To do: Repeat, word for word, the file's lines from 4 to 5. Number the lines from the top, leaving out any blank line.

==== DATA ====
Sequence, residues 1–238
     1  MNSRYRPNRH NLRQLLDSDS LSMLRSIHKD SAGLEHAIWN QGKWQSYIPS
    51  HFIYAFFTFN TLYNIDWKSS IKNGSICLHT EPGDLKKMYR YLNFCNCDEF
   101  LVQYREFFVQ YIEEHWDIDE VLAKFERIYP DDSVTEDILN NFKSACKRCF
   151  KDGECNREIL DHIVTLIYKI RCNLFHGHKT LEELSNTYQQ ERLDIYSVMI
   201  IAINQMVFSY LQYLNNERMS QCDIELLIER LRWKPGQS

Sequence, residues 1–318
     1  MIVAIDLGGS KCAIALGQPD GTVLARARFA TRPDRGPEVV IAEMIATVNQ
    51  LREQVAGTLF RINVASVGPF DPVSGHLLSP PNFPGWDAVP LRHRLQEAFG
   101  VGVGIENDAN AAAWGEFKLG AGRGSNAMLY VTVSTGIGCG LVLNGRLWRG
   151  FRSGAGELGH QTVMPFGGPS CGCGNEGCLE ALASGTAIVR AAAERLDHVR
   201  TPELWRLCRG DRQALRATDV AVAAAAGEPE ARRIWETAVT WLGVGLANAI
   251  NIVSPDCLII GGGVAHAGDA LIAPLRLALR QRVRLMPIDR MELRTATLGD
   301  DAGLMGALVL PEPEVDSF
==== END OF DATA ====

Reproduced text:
   101  LVQYREFFVQ YIEEHWDIDE VLAKFERIYP DDSVTEDILN NFKSACKRCF
   151  KDGECNREIL DHIVTLIYKI RCNLFHGHKT LEELSNTYQQ ERLDIYSVMI